Tech Is Resisting Inflation, So Why Is Government Trying to Regulate It?
Americans are facing levels of inflation not seen in decades and every trip to the grocery store or the gas station takes a bigger bite out of their paycheck. The latest report from the Bureau of Labor Statistics shows that inflation over the past year is 8.3 percent. For most Americans, daily costs have been even higher. Gas prices have increased by 43 percent over the last year, grocery prices have increased by 10.8 percent, and new cars have increased 13.2 percent.
Yet, the technology sector has been largely immune from inflationary pressures over the last year despite increasing concerns about market concentration in the sector.
Lately, though, many in Washington and state capitols have looked for ways to regulate tech. This has included attempting to regulate internet service providers like a utility and breaking up large tech companies through antitrust law. But given recent inflation numbers, doing so is likely to make consumers worse off.
Take internet services which many in Congress and at the Federal Communications Commission want to regulate like a utility. Internet prices increased 1.7 percent over the last year even with supply chain shortages and increased demand from consumers. Likewise, wireless phone services, the way many people access internet, have decreased in price over the past year by .7 percent. Meanwhile, electricity increased by 11 percent and water services have increased by 4 percent. If internet was following the cost of utilities, it would currently be more expensive to most Americans.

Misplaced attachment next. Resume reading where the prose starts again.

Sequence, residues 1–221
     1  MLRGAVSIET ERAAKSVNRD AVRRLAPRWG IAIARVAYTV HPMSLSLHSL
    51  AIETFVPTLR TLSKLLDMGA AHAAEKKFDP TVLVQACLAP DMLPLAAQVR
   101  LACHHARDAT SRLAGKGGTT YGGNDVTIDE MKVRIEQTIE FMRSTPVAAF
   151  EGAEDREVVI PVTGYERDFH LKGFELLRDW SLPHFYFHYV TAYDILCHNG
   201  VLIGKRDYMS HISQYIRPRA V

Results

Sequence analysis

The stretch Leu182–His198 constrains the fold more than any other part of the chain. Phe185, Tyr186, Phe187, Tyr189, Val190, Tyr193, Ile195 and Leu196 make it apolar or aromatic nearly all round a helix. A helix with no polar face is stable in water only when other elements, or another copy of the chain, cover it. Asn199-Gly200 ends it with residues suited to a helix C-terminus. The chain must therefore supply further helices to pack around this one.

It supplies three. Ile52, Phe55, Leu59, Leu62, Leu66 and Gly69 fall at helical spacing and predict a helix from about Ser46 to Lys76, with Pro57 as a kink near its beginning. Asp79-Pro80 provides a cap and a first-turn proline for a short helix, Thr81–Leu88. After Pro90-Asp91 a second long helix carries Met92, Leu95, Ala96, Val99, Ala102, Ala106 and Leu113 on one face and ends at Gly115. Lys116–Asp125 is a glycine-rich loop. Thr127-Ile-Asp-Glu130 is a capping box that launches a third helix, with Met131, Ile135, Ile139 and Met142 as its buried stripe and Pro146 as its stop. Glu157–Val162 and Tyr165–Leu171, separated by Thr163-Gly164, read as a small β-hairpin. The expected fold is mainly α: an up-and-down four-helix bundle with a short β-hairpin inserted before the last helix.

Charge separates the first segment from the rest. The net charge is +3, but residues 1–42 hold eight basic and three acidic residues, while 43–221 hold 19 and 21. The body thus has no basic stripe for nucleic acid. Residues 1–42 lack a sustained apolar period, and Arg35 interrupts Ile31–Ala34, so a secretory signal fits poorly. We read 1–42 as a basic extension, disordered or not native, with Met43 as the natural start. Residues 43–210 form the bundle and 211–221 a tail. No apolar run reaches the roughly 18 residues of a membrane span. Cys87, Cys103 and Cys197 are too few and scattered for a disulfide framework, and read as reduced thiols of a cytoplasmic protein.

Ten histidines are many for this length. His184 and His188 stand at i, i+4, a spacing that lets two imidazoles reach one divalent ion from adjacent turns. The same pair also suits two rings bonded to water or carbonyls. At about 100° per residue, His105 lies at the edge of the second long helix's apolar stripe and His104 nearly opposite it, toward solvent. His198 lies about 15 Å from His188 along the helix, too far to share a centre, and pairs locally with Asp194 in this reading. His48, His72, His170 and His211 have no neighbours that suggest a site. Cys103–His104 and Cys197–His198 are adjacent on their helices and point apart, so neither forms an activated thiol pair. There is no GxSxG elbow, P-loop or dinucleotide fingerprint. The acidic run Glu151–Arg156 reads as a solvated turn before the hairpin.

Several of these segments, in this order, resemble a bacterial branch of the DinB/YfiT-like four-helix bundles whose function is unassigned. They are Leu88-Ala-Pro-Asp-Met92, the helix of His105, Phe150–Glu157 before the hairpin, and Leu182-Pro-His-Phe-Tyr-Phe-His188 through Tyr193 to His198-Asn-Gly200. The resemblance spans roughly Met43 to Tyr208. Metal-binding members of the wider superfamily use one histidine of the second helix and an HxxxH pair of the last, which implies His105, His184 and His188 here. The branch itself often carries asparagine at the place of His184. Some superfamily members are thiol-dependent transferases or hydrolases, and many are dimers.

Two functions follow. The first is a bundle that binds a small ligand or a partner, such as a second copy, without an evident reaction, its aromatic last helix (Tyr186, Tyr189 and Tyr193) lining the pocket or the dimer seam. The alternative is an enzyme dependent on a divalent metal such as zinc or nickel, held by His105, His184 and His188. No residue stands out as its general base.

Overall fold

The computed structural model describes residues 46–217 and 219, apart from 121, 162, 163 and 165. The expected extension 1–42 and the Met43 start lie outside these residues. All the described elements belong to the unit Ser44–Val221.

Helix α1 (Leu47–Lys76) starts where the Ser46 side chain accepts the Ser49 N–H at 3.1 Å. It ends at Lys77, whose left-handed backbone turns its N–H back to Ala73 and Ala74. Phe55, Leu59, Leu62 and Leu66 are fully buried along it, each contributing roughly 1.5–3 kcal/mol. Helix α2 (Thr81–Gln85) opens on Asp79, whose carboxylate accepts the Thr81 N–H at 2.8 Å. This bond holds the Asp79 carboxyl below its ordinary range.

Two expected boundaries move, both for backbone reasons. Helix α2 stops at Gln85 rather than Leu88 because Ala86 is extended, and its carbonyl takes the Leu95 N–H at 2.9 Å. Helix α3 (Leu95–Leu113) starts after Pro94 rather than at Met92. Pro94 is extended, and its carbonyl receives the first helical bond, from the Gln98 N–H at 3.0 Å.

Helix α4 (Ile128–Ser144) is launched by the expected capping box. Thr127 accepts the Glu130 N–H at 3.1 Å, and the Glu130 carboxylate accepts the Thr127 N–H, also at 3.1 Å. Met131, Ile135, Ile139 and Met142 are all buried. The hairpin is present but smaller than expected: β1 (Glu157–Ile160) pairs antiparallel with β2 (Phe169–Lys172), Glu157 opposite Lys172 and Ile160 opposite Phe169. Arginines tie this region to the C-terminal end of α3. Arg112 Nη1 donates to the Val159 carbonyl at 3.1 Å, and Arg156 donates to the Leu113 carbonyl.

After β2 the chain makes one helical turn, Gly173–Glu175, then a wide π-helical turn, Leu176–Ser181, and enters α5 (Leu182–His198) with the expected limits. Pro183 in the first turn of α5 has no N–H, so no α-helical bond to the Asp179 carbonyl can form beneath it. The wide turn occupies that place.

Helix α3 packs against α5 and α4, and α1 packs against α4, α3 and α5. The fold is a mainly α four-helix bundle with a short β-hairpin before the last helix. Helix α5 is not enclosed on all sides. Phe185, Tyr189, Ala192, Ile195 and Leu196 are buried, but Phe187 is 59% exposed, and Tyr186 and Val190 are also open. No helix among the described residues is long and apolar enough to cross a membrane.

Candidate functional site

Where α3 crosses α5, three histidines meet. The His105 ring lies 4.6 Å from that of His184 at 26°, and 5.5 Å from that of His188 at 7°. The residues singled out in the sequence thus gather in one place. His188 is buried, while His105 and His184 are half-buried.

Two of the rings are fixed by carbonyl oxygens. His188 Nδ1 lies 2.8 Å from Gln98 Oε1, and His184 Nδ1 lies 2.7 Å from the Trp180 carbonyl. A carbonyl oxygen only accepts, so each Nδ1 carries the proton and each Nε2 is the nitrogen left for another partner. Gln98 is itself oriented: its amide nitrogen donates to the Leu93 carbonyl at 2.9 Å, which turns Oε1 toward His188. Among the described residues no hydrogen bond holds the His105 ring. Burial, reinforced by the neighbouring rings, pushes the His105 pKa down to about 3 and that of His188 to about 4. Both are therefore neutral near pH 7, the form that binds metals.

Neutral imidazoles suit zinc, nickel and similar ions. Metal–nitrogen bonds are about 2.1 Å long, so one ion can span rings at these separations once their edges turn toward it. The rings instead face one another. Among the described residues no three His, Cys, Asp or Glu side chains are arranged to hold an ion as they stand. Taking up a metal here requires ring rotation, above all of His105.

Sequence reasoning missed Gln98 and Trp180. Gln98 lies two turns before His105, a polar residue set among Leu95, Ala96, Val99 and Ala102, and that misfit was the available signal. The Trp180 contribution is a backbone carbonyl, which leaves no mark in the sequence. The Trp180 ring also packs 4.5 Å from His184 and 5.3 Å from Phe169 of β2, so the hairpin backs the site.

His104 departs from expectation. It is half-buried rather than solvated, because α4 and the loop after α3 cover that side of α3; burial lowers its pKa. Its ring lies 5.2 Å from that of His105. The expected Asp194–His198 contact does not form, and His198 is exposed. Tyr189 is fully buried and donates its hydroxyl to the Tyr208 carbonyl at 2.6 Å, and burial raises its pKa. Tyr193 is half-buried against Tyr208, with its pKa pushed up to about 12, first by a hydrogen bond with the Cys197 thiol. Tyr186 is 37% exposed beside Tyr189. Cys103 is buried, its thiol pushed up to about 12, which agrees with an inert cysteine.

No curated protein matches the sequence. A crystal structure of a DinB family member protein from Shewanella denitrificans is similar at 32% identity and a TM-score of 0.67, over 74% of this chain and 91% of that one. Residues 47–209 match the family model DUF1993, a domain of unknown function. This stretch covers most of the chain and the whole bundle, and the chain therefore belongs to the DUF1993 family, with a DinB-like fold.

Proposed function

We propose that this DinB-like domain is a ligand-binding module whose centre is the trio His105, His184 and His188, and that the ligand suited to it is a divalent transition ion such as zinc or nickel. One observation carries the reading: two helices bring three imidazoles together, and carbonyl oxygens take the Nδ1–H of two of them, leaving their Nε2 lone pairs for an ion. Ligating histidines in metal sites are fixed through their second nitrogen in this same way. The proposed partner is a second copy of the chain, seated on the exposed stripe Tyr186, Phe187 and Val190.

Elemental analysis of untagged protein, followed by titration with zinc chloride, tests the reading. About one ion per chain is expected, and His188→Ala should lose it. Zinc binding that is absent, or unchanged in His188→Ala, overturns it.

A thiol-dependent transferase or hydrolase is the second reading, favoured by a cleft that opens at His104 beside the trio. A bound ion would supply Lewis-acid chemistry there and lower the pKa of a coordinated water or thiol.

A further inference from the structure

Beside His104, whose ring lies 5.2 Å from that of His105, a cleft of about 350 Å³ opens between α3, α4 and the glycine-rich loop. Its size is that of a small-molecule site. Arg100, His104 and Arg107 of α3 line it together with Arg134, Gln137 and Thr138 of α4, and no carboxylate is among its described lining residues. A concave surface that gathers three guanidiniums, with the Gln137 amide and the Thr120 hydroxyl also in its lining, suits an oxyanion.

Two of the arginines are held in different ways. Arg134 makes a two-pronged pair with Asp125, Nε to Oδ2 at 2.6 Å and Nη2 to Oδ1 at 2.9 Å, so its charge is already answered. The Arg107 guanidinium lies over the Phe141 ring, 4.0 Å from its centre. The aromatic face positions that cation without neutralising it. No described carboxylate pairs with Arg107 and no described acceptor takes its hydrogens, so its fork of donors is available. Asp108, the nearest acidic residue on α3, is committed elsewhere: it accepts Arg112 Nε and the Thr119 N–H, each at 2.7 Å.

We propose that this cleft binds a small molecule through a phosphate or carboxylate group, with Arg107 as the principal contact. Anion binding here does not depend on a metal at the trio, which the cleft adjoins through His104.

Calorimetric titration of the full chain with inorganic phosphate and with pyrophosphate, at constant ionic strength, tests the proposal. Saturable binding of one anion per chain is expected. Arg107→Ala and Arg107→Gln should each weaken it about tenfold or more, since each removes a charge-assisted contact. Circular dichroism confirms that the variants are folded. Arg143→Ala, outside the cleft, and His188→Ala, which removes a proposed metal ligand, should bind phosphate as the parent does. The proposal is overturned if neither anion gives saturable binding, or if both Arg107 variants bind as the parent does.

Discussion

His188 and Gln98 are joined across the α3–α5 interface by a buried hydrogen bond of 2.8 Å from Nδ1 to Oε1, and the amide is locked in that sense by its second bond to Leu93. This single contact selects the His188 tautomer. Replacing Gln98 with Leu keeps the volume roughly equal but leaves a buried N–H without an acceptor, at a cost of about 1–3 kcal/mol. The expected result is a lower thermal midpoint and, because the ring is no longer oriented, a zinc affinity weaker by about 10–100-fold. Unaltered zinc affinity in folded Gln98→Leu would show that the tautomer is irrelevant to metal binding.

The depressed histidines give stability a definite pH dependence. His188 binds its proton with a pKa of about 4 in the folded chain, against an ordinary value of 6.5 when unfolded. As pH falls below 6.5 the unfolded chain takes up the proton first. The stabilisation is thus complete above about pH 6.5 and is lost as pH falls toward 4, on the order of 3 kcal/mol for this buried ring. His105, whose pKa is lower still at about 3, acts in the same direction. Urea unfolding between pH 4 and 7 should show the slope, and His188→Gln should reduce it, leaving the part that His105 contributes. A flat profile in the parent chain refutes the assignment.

Other examples of technology products remaining relatively insulated from inflation include smartphones, which decreased by 16.1 percent, televisions which decreased by 5.8 percent, and music subscription services which didn’t change at all over the past year.
Technology prices have remained low even as the average American deals with shortages and overall price increases. This should be a signal to lawmakers that the tech industry remains incredibly competitive.
Yet, many are claiming that the industry is far too concentrated and that revising antitrust laws to break up companies is the only way to address the issue. Doing so would likely make inflation even worse off for consumers.
Many of the services provided by tech companies don’t require a consumer to pay but still provide immense value. When consumers were asked how much they would need to be paid to give up some of these services, the numbers they came up with were quite large. Giving up maps would require a payment of $3,600, giving up email would require $8,400, and giving up search would require $17,500 per year.
With all these benefits, it’s not a surprise that only 1% of Americans think that regulating the technology industry is the biggest issue facing the country today.
The fact that technology is resisting inflation does not mean there are no legitimate concerns about technology’s effect on our lives. Americans are rightly concerned about their privacy online, especially from the government, and more can be done to ensure that all Americans have access to affordable and reliable internet. But plans to reorder the entire technology sector of the economy when Americans are facing inflation not seen for a generation is a mistake. Lawmakers should focus on the issues affecting everyday families rather than making problems worse by reaching to regulate tech.